house-gen-z
Property prices tipped to keep rising, bad news for young people. Image – Canva
  • 37% believe Gen Z is the hardest done by
  • Saving for a home deposit is becoming ever harder
  • A Consumer Pulse Report has been released by Canstar

Younger generations are being deemed as the hardest done by as high property prices persist nationwide, according to a Consumer Pulse Report released by Canstar.

The SQM data below shows a jump in property prices since the pandemic began. 44% of Aussies anticipate a steady increase in property prices in the coming two years while 18% expect a steep skyrocket in prices.

National

Canstar’s research found that only 12% predict prices will remain stable and 11% foresee an easing or crash.

Gen Z has it the hardest when it comes to purchasing property according to 37% of Australians. Baby boomers on the other hand have it the easiest. Only 7% perceive them as having it hard.

With the median house price sitting at $43,014, the average income to debt ratio was 2.6 in 1980. This is a stark contrast to this year’s inflated house median house price of $744,688 coupled with an income to debt ratio of 6.6.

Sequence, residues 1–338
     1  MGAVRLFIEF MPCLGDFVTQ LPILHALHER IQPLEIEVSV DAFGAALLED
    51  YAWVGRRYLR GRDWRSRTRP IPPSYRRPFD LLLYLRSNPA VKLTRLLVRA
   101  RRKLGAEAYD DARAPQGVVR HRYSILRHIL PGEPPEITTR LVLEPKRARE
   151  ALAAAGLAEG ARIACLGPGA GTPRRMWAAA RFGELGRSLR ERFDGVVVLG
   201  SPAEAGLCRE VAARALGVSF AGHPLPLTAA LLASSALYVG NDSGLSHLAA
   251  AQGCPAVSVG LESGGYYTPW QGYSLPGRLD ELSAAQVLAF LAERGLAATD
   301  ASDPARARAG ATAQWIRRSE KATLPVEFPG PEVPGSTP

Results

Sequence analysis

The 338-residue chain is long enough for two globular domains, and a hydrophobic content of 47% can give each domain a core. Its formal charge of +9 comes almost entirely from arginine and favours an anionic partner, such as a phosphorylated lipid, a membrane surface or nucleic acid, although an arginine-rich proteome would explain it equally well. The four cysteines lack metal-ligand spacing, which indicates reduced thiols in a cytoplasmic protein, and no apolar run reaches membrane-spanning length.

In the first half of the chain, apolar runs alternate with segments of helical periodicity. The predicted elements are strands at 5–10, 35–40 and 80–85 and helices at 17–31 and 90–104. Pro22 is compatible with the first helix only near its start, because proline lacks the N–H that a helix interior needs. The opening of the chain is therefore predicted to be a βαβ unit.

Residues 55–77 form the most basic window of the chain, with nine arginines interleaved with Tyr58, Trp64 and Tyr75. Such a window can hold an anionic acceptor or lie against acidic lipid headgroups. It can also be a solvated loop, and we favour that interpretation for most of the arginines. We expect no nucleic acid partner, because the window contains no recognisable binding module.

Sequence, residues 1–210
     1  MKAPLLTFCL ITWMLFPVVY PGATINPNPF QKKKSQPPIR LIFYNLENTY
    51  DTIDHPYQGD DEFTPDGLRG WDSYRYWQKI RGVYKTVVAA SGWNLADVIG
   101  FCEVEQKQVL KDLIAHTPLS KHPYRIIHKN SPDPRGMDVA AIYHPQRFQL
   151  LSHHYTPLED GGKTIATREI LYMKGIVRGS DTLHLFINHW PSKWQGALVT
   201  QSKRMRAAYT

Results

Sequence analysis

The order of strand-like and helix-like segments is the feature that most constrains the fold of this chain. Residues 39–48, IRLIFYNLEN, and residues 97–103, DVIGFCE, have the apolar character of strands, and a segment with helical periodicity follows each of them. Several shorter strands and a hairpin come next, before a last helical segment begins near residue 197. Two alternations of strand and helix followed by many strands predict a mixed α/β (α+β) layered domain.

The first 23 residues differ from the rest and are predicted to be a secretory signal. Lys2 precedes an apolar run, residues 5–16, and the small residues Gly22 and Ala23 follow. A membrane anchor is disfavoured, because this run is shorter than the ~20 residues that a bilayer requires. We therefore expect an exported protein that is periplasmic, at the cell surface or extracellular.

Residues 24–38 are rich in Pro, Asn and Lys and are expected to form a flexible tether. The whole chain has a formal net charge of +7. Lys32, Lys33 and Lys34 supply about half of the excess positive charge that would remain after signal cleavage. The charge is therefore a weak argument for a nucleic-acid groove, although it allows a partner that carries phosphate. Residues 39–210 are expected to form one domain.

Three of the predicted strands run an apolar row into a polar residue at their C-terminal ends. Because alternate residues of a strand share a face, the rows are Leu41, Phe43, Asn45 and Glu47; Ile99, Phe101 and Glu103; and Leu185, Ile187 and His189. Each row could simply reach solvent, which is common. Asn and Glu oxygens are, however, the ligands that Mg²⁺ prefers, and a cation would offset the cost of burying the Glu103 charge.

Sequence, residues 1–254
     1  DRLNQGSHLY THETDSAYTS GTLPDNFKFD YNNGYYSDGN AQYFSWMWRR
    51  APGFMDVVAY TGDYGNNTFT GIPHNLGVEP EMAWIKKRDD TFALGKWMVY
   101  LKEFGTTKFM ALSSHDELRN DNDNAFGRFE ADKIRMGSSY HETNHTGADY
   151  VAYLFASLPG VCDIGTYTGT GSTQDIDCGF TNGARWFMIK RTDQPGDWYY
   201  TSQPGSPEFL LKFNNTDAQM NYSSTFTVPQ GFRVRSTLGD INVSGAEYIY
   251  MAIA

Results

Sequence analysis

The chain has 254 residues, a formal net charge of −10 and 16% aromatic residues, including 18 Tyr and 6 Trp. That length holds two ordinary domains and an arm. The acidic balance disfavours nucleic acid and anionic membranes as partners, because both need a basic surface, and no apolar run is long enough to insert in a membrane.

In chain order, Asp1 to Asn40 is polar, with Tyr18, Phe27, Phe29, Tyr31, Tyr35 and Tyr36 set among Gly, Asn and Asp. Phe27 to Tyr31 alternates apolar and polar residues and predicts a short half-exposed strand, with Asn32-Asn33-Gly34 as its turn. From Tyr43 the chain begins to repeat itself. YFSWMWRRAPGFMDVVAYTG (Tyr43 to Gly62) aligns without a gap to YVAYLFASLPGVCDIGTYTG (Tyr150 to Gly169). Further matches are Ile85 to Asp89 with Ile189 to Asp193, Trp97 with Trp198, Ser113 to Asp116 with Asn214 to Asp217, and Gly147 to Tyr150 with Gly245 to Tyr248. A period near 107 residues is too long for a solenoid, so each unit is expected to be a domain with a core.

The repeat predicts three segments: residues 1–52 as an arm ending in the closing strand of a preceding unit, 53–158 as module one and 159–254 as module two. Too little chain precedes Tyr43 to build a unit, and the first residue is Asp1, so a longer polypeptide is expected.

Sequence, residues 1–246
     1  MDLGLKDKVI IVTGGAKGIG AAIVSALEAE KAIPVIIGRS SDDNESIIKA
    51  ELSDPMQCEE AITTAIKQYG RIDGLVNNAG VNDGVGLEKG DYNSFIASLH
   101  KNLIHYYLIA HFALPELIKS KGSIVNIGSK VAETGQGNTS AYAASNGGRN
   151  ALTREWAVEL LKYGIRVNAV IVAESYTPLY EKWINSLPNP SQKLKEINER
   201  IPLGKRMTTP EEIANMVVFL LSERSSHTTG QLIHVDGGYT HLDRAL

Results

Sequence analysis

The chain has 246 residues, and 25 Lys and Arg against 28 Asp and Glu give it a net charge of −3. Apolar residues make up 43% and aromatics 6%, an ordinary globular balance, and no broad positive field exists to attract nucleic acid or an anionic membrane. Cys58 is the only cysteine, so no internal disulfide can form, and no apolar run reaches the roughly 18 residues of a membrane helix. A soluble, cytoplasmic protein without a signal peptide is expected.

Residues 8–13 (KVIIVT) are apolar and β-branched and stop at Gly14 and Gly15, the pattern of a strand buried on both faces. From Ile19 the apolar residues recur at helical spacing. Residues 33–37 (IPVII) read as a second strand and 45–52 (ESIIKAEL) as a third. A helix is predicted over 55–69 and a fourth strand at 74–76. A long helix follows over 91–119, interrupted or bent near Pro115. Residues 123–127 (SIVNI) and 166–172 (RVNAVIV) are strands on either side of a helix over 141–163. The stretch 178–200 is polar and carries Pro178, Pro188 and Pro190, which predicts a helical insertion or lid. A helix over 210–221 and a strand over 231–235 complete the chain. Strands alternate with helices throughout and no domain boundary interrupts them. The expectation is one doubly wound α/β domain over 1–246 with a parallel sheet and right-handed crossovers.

Canstar’s Group Executive of Financial Services, Steve Mickenbecker suspects the debate will endure for years to come although younger Australians are perceived as being the hardest done by.

“Runaway house prices in 2021 are making the task of putting together a deposit still less attainable for first home buyers,”

Steve Mickenbecker, Canstar’s Group Executive

“In introducing higher capital requirements for banks, APRA will be hoping to slow housing price growth, but with banks already charging higher interest rates for investment, it may not be enough,” he said.

“If the Australian dream of homeownership is to survive this decade, we need to slow investment lending by easing the brakes on now.

If next year is another year like 2021, there will be a need to slam on the brakes.”

Winners and losers

While some are falling victim to the heightened property prices, Mr Mickenbecker explains that there are also winners.

“Rising property values are bad news for first home buyers, but existing property
owners are revelling in a home equity surge,” he said.

“Homeowners in New South Wales have seen the biggest increase, lifting home equity to $407,299, followed by Victorian homeowners with $312,578.”



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